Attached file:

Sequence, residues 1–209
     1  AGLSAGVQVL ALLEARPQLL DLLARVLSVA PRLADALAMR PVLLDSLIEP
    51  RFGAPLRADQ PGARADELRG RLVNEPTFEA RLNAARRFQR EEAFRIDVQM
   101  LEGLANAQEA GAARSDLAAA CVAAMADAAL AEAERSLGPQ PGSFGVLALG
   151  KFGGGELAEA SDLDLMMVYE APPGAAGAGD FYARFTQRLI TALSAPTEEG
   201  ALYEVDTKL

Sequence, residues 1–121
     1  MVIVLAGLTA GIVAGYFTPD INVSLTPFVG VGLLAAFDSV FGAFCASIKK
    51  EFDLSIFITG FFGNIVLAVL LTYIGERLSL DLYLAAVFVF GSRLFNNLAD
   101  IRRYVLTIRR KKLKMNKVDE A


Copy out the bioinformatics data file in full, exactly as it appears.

Sequence, residues 1–209
     1  AGLSAGVQVL ALLEARPQLL DLLARVLSVA PRLADALAMR PVLLDSLIEP
    51  RFGAPLRADQ PGARADELRG RLVNEPTFEA RLNAARRFQR EEAFRIDVQM
   101  LEGLANAQEA GAARSDLAAA CVAAMADAAL AEAERSLGPQ PGSFGVLALG
   151  KFGGGELAEA SDLDLMMVYE APPGAAGAGD FYARFTQRLI TALSAPTEEG
   201  ALYEVDTKL

Sequence, residues 1–121
     1  MVIVLAGLTA GIVAGYFTPD INVSLTPFVG VGLLAAFDSV FGAFCASIKK
    51  EFDLSIFITG FFGNIVLAVL LTYIGERLSL DLYLAAVFVF GSRLFNNLAD
   101  IRRYVLTIRR KKLKMNKVDE A